The Continental Mark II.
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Its inspiration was the original V12 Lincoln Continental of the 1940s, which had been possibly the most notable car of the '40s. Ford, often regarded as producers of many competent cars but few exciting ones, felt that they needed a bit of that old glamor back.
Also in the mix was the other Continental, Bentley's, to which the car bore a reasonable resemblance both in looks (bar the front end) and in style.
The new Continental was intended to be not the largest nor the most powerful automobile, but rather the most luxurious and elegant American car available. Aside from its '40s Continental inspiration, it was designed to recapture the spirit of the great classics of the prewar period, with prices
What emerged was something quite unlike other American cars of the period. While other makes experimented with flamboyant styling, chrome everywhere, and all
the glitz and glamor they could manage, the Continental Mark II was almost European in its simplicity of line and its understated grace. There was something of the style of the early Ford Thunderbird at the front, with a tasteful eggcrate grille and a long, curving hood with straight fenders to the headlights. A straight fender line went back to behind the doors, at which point the line kicked up a little before curving back down to the tail lights. In fact, it could be said that the Continental looked like the Thunderbird writ larger and more elegantly. Little chrome was used compared to other vehicles of the time, and the only two-tone paint combinations were limited to different-colored roofs than the body.
Emulating the original Continental, the Mark II had a spare tire hump in the trunk lid. For authenticity, the spare tire was actuall
y mounted beneath this, unlike later Lincolns in which this was just a styling feature.
y, the Continental was never a Lincoln. A new division, the Continental Division, was formed to make it, and officiall
y the car should be called only a Continental Mark II, but many ignored that. The car was sold through the Lincoln dealership and maintained through them. It bore the four-pointed star prominently on hood and (very large) on the trunk 'spare tire' that soon became the Lincoln emblem. The drivetrain was pure Lincoln, and the car's forebears and descendants were Lincolns. Therefore, they're commonly thought of as Lincolns.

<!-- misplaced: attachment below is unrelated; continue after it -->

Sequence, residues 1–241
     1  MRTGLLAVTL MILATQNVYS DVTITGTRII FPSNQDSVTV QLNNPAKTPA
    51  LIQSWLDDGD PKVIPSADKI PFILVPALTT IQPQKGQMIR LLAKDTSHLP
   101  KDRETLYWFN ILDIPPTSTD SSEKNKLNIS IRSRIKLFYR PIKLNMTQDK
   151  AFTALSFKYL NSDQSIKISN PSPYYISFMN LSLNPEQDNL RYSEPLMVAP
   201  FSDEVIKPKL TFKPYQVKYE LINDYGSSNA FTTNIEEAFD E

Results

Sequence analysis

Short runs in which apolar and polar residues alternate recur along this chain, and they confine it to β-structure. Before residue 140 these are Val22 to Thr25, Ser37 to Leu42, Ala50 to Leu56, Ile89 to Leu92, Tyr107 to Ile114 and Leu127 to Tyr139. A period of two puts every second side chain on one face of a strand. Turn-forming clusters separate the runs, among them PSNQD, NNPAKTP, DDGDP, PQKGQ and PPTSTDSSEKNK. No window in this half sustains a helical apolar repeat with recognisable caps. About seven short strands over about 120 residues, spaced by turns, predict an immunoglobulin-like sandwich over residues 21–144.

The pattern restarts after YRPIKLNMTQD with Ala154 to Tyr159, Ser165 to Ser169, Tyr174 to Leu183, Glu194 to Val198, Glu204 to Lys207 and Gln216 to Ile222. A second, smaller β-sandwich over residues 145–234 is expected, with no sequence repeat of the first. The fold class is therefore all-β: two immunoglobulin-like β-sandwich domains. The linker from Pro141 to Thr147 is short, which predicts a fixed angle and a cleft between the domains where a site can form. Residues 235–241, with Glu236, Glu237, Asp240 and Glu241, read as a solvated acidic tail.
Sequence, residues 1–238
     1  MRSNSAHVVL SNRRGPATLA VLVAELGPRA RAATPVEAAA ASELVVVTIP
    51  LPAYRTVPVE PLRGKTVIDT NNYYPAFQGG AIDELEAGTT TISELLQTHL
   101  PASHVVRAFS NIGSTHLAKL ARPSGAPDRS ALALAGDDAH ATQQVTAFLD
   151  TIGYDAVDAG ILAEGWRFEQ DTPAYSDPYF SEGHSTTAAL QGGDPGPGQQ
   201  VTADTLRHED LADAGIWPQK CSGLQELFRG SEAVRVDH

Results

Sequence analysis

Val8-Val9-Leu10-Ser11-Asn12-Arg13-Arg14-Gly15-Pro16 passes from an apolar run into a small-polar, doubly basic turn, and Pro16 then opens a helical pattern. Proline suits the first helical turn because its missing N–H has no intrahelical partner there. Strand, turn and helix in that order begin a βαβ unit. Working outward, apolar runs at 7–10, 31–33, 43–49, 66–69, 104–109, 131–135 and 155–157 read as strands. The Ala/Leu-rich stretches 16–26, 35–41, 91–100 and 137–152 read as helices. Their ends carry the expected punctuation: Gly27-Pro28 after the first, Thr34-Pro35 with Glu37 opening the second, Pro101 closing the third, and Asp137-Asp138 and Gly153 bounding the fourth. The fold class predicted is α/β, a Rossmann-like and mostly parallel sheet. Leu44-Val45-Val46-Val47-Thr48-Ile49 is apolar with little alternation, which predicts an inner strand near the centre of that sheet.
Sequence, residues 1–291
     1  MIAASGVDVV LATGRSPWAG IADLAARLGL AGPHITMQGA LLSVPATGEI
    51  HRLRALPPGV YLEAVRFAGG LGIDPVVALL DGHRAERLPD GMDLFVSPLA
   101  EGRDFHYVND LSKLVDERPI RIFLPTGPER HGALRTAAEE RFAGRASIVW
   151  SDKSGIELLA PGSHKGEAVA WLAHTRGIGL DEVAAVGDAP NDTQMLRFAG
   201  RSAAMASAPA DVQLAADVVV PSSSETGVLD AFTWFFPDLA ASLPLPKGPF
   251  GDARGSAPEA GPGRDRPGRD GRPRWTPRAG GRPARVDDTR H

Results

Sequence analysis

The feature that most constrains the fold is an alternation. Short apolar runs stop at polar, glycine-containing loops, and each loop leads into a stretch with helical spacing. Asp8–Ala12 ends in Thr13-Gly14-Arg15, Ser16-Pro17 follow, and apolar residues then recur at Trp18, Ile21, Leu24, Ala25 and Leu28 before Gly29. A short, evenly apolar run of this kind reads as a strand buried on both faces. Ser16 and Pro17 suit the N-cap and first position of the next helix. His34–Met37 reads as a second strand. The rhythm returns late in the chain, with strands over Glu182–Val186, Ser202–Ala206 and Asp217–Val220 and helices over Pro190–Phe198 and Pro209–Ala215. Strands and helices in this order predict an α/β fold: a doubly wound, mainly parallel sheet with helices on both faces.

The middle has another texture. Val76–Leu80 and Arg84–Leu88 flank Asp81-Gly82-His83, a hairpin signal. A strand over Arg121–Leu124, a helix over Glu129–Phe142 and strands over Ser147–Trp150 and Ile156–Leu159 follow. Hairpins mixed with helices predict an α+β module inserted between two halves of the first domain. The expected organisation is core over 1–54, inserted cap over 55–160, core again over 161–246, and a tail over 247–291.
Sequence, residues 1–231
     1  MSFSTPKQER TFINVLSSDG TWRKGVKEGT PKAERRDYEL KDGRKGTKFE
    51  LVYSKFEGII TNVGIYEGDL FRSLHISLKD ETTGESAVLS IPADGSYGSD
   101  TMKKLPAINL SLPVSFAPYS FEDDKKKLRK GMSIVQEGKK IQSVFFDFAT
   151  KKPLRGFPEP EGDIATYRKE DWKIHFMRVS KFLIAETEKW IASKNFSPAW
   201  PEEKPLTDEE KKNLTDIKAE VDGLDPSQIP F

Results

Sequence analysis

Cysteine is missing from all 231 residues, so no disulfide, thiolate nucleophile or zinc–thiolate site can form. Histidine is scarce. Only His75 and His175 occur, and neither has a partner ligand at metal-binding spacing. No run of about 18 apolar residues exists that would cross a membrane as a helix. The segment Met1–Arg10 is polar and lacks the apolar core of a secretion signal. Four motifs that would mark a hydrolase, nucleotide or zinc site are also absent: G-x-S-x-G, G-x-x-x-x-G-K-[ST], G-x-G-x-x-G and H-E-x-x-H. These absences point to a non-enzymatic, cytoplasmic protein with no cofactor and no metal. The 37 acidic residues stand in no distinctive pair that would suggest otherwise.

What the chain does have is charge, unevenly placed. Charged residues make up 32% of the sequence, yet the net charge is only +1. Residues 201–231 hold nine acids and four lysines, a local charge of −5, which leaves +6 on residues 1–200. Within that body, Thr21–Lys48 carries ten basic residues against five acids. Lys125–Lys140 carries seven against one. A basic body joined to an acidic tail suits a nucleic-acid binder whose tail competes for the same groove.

That Lincoln drivetrain featured the new standard Lincoln 368 in? (6.0 L) V8, effectively a factory blueprinted engine due to the selection of the best
, most perfect to specifications parts from off the regular Lincoln production line, allied to a three-speed Lincoln automatic transmission. Both were subject to extensive testing before use.
Most of the car was effectively handbuilt to an exacting standard, including multiple coats of paint hand-sanded down and double-lacquered and polished to perfection.
At the car's selling price of $10,000, Ford estimated they lost over a thousand dollars per car, and $10,000 was equivalent to the cost of a new Rolls-Royce of the time, or more than two top-of-the-line Cadillacs. Compensated for inflation, this figure would be around
$70,000 today; compensated against earnings, probably even greater. It was this high price that doomed the car. Only the very rich could afford one, and scarcely over 3000 cars were built; about 1300 were sold in the last quarter of 1955 after the car's October debut at the Paris Motor Show, another 1300 or so during 1956, and about 450 during 1957. At first, Ford was willing to lose money on each car because of the reflected glory on the rest of their range, but after the company became a public corporation, its tolerance for these losses fell. The recession of the late 1950s would have killed off the car anyway, in hindsight.
Famous owners included Elvis Presley, as well as Frank Sinatra, the Shah of Iran, and a cross-section of the richest men in America
Today, approximately half of the cars still exist, about 1500 or so, in varying states of repair. There's an active owner's club, the Continental Mark II Association, and most parts required to keep them going are available, helped by the car's using standard Lincoln mechanical components.
Prices range between around
$8000 for a running example in poor repair to around
$70,000 in concours condition — thus, a car in perfect condition costs now, adjusted for inflation, about the same as the new one did in 1955, the only known exception being the aforementioned Mark II owned by Elvis Presley which, in 1999, sold for US$250,000 at a charity auction organized by Elvis Presley Enterprises and held at the Grand Hotel, in Las Vegas.
From the vantage point of today we can say the Continental Mark II was successful at being what it was intended to be: an American Rolls-Royce or Bentley, and a recreation of the grand cars of the thirties.
Unfortunately, the harsher economics of post-war life meant that there was